This months post offers a little information about some of the museums that I had hoped to be visiting this year. Unfortunately, due to Covid-19, I’m going to have to wait a little longer. Whilst I wait, I thought it would be nice to give a miniscule introduction to my top five cultural spaces and discuss why they are important to me.
- The Franz Marc Museum – Bavaria, Germany
Set up in 1986, the Franz Marc Museum is dedicated to the life and work of one of Bavaria’s most influential 20th century artists. Supported by the Friends of Franz Marc Museum Association, the museum owns over 2000 artworks by Franz Marc and members of the expressionist group The Blue Rider. The museum also holds personal writing from the artist. The exhibitions have been designed to explore Franz Marc’s life and work, as well as his influence on contemporary artists.
This museum is on my wish list because, as shown in some of my earlier blog posts, I have a lot of love for German Expressionism. However, Franz Marc’s use of colour symbolism and exploration of the natural world really make his work stand out for me.
2. Schirn Kunsthalle- Frankfurt, Germany
Since it’s opening in 1986, the exhibition space has hosted renowned displays of artwork from the likes of Wassily Kandinsky, Henri Matisse, and Edvard Munch. It’s collaborations with museums from all over the world, such as the Museum of Modern Art (New York) and the Tate Gallery (UK), helped to put it on the map. Since it’s opening, the space had seen more than 200 exhibitions.
I actually discovered this exhibition hall through Instagram. Forced to close due to Covid-19 the contents of one of their exhibitions was translated into an accessible online format. Fantastic Women explored the contribution of 34 women from around the globe to the Surrealist movement. Through this online exhibition I discovered artists such as Alice Rahon, and Leonor Fini. I’m excited to see what the exhibition hall has planned for the future!
3. Hansa Tonstudio – Berlin, Germany
Located in the historic Meistersaal concert hall in Berlin, the Hansa studios were created by brothers Peter and Thomas Meisel in the 1970’s. Whilst not technically a museum, the recording studio was important in the cultivation of post-punk and synth-pop genres. It attracted many iconic musicians such as David Bowie, Iggy Pop, Siouxsie and the Banshees, and Depeche Mode. The studio was also located 150 meters from the Berlin wall giving it the name ‘Hansa by the wall’.
The studio is still in use but is open to the public at certain times of the year. Taking a tour of the place would be a dream come true!
4. Peggy Guggenheim Museum- Venice, Italy
The story of how this museum came to be is fascinating. Peggy Guggenheim, an American socialite and niece of businessman and art collector Solomon R. Guggenheim, accumulated vast amounts of modern art during her lifetime. She became involved with the avant-garde artists living in Montparnasse, allowing Man-Rey to photograph her, and later marrying Max Ernst a prominent Surrealist. She supported her friends talent by purchasing artworks in the years leading up to the Second World War. After 1945 she focused heavily on Surrealist art, purchasing as many paintings as she could. In 1951 she started exhibiting her collection on a seasonal basis in her home. This was later become the site for the museum. She continuously added to her expansive collection until her death in 1979. After this, the museum passed to the Solomon R. Guggenheim Foundation which opened the doors of the museum permanently in 1980. The current collection boasts work from Italian Futurists, Cubists, Expressionists, and more!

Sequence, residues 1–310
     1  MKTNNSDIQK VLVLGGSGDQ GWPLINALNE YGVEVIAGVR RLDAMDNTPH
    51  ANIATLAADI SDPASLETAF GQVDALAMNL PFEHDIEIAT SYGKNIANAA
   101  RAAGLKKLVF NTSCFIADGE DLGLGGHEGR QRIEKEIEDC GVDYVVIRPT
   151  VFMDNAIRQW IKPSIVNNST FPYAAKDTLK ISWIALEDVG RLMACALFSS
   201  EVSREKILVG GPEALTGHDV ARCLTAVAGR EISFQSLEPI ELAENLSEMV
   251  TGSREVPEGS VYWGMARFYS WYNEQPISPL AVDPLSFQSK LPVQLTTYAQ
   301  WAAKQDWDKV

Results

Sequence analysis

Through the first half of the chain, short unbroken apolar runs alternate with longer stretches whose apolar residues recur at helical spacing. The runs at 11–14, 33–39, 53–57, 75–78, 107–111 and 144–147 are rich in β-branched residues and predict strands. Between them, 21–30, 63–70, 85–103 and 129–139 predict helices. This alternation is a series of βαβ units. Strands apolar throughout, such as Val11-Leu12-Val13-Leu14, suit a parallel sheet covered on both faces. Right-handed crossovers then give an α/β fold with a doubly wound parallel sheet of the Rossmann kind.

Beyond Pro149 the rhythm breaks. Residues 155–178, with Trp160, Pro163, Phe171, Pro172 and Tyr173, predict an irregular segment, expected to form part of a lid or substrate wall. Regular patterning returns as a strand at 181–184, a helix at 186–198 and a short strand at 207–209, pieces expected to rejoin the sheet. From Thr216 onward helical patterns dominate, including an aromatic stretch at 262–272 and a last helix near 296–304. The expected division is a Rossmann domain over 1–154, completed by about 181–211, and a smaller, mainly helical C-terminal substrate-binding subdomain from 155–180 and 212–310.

I discovered this museum through reading various books about Surrealism. Peggy Guggenheim’s name crept up quite a few times and her dedication to supporting her friends piqued my interest. The collection she created is very impressive, featuring a number of artists that I’ve researched over the years. For me, this is a must see.
5. Salvador Dalí Theatre and Museum- Figueres, Catalonia
The creation of the museum, dedicated to the towns most famous painter, was designed by Dalí himself with construction beginning in 1968. Built on the site of the previous Municipal Theatre, which was destroyed during the Spanish Civil War, it holds the largest single collection of artworks by the painter. Alongside them is the Dalí jewel exhibition which holds thirty-seven precious gems designed by him. Additionally, the museum itself is an exhibition and is considered to be the last great work of Dalí, one of the most notable things being the anthropomorphic Mae West room which replicates the starlets face when you view it from a certain position. The theatre also became the final resting place of Dalí who is buried in a crypt below the stage.
Like many people, my love for Surrealism started with Salvador Dalí and broadened from there. Whilst my interests are now more inclined towards exploring women in Surrealism, Dalí’s work was essential in gaining an understanding some of the principles of the art movement.
Like the majority of people, plans have been put on hold due to Covid-19. I wrote this to cheer myself up and inspire myself to persevere with my life goals. I hope that this post gives a little bit of happiness to those who read it and that the subject interests you enough to explore more!